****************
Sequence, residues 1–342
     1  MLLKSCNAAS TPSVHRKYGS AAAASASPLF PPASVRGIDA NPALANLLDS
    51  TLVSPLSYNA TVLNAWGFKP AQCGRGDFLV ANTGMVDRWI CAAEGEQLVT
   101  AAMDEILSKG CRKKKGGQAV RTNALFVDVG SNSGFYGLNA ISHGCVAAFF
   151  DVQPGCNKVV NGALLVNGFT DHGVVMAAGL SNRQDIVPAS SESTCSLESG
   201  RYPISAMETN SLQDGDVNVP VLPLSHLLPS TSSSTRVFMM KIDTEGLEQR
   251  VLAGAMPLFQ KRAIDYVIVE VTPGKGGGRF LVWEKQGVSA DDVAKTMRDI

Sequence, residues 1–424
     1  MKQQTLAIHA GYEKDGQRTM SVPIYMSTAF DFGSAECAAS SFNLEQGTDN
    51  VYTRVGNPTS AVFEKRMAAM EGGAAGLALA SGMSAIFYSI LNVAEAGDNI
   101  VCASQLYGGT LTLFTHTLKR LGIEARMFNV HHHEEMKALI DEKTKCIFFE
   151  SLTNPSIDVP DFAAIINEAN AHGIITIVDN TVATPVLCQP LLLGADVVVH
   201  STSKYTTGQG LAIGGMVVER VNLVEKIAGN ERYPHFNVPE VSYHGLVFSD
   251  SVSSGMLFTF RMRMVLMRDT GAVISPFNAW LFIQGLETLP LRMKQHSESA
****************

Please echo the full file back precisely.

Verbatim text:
Sequence, residues 1–342
     1  MLLKSCNAAS TPSVHRKYGS AAAASASPLF PPASVRGIDA NPALANLLDS
    51  TLVSPLSYNA TVLNAWGFKP AQCGRGDFLV ANTGMVDRWI CAAEGEQLVT
   101  AAMDEILSKG CRKKKGGQAV RTNALFVDVG SNSGFYGLNA ISHGCVAAFF
   151  DVQPGCNKVV NGALLVNGFT DHGVVMAAGL SNRQDIVPAS SESTCSLESG
   201  RYPISAMETN SLQDGDVNVP VLPLSHLLPS TSSSTRVFMM KIDTEGLEQR
   251  VLAGAMPLFQ KRAIDYVIVE VTPGKGGGRF LVWEKQGVSA DDVAKTMRDI

Sequence, residues 1–424
     1  MKQQTLAIHA GYEKDGQRTM SVPIYMSTAF DFGSAECAAS SFNLEQGTDN
    51  VYTRVGNPTS AVFEKRMAAM EGGAAGLALA SGMSAIFYSI LNVAEAGDNI
   101  VCASQLYGGT LTLFTHTLKR LGIEARMFNV HHHEEMKALI DEKTKCIFFE
   151  SLTNPSIDVP DFAAIINEAN AHGIITIVDN TVATPVLCQP LLLGADVVVH
   201  STSKYTTGQG LAIGGMVVER VNLVEKIAGN ERYPHFNVPE VSYHGLVFSD
   251  SVSSGMLFTF RMRMVLMRDT GAVISPFNAW LFIQGLETLP LRMKQHSESA